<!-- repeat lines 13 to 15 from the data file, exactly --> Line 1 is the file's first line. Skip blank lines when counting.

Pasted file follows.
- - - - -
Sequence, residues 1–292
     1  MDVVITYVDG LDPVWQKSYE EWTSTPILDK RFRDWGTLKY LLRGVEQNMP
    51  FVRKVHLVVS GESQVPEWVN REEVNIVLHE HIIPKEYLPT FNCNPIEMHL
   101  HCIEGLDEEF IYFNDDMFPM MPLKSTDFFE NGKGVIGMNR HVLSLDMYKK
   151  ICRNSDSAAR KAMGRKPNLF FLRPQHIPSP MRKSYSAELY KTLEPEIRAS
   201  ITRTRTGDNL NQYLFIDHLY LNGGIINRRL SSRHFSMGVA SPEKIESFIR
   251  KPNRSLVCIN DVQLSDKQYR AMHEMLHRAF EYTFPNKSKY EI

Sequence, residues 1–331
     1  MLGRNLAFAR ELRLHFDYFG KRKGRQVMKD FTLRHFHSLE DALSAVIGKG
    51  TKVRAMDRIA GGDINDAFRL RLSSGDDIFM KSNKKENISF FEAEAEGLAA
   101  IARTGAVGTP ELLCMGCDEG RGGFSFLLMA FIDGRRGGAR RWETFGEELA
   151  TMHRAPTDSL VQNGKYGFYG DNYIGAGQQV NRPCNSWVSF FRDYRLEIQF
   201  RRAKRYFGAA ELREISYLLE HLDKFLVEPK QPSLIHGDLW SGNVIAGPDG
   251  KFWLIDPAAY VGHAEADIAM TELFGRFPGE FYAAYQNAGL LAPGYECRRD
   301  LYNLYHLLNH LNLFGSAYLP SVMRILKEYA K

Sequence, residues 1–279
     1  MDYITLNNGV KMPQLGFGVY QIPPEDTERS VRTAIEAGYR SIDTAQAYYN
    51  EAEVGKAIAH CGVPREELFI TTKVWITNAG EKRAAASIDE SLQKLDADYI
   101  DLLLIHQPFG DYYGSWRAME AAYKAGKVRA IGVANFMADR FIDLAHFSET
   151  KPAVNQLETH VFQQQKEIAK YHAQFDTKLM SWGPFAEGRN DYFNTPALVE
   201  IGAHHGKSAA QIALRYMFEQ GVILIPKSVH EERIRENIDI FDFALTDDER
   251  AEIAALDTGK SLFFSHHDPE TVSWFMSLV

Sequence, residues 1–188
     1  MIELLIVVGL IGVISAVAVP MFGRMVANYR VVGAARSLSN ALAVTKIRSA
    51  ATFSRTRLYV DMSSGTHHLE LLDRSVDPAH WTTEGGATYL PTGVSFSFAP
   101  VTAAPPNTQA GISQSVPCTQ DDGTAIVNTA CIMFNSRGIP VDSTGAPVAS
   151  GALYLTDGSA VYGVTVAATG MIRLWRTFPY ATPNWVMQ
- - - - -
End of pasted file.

   201  RRAKRYFGAA ELREISYLLE HLDKFLVEPK QPSLIHGDLW SGNVIAGPDG
   251  KFWLIDPAAY VGHAEADIAM TELFGRFPGE FYAAYQNAGL LAPGYECRRD
   301  LYNLYHLLNH LNLFGSAYLP SVMRILKEYA K